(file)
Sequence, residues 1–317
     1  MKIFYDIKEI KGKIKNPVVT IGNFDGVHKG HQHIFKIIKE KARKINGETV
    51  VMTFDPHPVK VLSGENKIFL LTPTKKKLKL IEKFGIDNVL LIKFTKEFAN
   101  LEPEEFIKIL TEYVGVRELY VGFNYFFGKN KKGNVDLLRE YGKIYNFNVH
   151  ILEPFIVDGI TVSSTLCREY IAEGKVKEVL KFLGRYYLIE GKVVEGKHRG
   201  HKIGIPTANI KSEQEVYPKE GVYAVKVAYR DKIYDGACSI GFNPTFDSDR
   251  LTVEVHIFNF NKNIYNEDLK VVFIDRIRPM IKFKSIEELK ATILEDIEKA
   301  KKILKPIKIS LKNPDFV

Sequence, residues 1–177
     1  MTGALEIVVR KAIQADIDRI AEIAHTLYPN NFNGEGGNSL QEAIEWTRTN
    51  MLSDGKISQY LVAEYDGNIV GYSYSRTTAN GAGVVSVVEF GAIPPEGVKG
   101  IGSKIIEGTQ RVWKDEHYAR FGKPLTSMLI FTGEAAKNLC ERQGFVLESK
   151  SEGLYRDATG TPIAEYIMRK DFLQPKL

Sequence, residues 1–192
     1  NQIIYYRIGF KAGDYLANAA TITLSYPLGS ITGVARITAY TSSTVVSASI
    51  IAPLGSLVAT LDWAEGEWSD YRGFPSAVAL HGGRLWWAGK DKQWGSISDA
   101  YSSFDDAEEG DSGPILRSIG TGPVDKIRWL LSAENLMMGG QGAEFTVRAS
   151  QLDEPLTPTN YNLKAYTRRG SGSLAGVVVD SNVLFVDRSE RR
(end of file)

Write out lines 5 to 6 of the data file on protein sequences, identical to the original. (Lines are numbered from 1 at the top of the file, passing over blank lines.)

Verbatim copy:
   151  ILEPFIVDGI TVSSTLCREY IAEGKVKEVL KFLGRYYLIE GKVVEGKHRG
   201  HKIGIPTANI KSEQEVYPKE GVYAVKVAYR DKIYDGACSI GFNPTFDSDR